Scott Hanselman

Easily move WSL distributions between Windows 10 machines with import and export!

November 22, '19 Comments [6] Posted in Linux | Win10
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My colleague Tara and I were working on prepping a system for Azure IoT development and were using WSL2 on our respective machines. The scripts we were running were long-running and tedious and by the time they were done we basically had a totally customized perfect distro.

Rather than sharing our scripts and having folks run them for hours, we instead decided to export the distro and import it on n number of machines. That way Tara could set up the distro perfectly and then give it to me.

For example, when using PowerShell I can do this:

C:\Users\Scott\Desktop> wsl --export PerfectWSLDistro ./PerfectWSLDistro.tar

Then I can share the resulting tar and give it to a friend and they can do this! (Note that I'm using ~ which is your home directory from PowerShell. If you're using cmd.exe you'll want to include the full path like c:\users\scott\Appdata\Local\PerfectDistro)

mkdir ~/AppData/Local/PerfectDistro
wsl --import PerfectDistro ~/AppData/Local/PerfectDistro ./PerfectWSLDistro.tar --version 2

You can list our your WSL distros like this:

C:\Users\Scott\Desktop> wsl --list -v
NAME STATE VERSION
* Ubuntu-18.04 Stopped 2
WLinux Stopped 2
Debian Stopped 1
PerfectDistro Stopped 2

It's surprisingly easy! Also, make sure you have the latest version of the Windows Terminal (and if you've got an old version and haven't deleted your profile.json, it's time to start fresh) it will automatically detect your WSL distros and make menu items for them!

Also be sure to check out my YouTube video on developing with WSL2!


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About Scott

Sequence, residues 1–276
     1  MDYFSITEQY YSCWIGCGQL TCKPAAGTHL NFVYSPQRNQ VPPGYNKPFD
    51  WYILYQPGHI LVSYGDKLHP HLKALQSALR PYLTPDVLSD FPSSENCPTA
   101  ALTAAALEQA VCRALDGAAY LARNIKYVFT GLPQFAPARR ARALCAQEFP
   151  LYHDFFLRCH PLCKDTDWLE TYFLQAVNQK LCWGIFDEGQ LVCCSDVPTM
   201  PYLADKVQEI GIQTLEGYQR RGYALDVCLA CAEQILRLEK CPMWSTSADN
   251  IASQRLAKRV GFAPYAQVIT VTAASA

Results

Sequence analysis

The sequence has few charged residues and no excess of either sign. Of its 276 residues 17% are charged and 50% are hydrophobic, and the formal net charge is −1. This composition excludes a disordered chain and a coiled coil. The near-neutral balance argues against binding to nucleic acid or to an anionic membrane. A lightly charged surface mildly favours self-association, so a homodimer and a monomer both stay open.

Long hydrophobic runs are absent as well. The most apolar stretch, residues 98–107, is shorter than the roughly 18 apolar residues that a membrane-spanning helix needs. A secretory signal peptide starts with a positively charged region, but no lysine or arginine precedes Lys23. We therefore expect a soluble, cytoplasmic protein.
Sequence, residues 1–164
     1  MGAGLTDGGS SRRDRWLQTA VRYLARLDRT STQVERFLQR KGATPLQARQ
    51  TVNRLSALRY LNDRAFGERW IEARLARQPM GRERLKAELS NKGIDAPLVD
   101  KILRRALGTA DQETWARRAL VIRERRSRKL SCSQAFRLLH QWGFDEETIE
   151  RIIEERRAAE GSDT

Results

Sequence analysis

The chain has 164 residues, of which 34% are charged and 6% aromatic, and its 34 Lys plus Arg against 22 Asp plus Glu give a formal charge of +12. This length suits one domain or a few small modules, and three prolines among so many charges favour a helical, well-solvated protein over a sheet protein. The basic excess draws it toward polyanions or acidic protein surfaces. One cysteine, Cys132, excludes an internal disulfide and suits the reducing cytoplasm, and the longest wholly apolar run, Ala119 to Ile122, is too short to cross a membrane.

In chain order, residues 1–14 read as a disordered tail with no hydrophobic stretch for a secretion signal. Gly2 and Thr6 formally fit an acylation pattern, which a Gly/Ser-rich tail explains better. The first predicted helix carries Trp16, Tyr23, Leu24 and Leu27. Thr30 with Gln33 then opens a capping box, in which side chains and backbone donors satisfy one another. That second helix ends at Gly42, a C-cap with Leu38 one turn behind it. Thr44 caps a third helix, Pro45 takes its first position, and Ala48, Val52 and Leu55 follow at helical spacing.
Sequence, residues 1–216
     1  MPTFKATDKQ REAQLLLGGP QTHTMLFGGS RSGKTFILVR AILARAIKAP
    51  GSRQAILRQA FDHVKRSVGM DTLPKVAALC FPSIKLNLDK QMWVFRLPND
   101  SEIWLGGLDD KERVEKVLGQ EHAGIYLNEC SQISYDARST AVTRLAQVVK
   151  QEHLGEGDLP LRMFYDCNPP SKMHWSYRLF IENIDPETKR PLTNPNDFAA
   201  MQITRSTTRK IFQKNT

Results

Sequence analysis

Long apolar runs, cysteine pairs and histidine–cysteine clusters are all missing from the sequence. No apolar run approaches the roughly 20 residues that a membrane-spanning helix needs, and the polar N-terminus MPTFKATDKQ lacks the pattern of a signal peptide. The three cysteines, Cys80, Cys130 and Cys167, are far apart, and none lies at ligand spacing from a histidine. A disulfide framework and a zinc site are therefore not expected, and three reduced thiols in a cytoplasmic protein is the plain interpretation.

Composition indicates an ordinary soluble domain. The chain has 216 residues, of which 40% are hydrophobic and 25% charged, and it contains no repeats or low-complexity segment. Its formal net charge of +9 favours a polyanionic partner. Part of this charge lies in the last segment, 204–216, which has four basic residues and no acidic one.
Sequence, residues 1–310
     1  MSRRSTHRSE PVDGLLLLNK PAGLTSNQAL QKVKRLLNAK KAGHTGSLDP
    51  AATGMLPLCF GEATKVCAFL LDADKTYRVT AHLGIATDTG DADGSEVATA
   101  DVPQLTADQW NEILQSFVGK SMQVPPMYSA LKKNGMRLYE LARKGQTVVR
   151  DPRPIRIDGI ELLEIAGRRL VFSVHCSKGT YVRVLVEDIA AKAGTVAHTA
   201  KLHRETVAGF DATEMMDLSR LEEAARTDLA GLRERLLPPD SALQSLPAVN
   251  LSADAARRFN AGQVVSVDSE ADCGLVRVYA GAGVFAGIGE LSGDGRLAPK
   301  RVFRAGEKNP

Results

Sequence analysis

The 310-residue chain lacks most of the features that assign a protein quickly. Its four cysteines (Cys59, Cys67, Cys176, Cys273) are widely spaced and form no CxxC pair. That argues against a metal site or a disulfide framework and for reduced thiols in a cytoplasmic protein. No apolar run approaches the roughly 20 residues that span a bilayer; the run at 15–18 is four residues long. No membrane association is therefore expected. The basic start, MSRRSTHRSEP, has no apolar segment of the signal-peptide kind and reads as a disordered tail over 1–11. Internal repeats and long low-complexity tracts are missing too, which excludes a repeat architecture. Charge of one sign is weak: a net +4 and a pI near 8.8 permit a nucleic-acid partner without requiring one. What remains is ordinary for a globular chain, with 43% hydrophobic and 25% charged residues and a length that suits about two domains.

Scott Hanselman is a former professor, former Chief Architect in finance, now speaker, consultant, father, diabetic, and Microsoft employee. He is a failed stand-up comic, a cornrower, and a book author.

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Saturday, November 23, 2019 3:20:07 PM UTC
What is really cool about --import, is that you can use Docker to build a distribution and import that. I haven't been able to figure out how to create a distribution that will allow you to set your userid AFTER you import. That would allow me to create a standard distribution at work that includes all of our tooling. I think I need to create an issue at the WSL github project to enable this scenario, but I am still trying a few things.

https://radu-matei.com/blog/wsl-versioned-filesystem-docker/
Rob Cannon
Saturday, November 23, 2019 5:53:50 PM UTC
Thumbs up! Hugely informative blog. Got some helpful pointers which I will apply in real-life situations. Thanks a lot for uploading this one. If you are Searching for
Sunday, November 24, 2019 4:05:57 PM UTC
A great post. Consider adding like button to your posts. I would like to give feedback without typing a comment!
Jan Vratislav
Sunday, November 24, 2019 10:09:19 PM UTC
One thing to note with custom wsl distributions, WSL expects bsdtar to be on the path for export to function.
Monday, November 25, 2019 6:44:43 AM UTC
I'm having problems exporting - like this:
C:\Users\Phil\Documents> wsl --export Ubuntu ./WSL2UbuntuEoan.tar
The process cannot access the file because it is being used by another process.

I thought running wsl --shutdown Ubuntu first might help, but no dice. Any advice would be welcomed.
Phil
Monday, November 25, 2019 6:04:31 PM UTC
Seems like I use this to make a copy of a distro on my own machine? I was struggling a little bit last week because I wanted a WSL and WSL2 Ubuntu distro on my machine. I eventually figured it out by adding an Ubuntu 16.04 distro, upgrading it, and then updating my existing 18.04 distro to WSL2.

But that's a bit hacky. If I could use your way, and then update one of the two distros to WSL2, I think I'd like that better.
Chris J. Breisch
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Disclaimer: The opinions expressed herein are my own personal opinions and do not represent my employer's view in any way.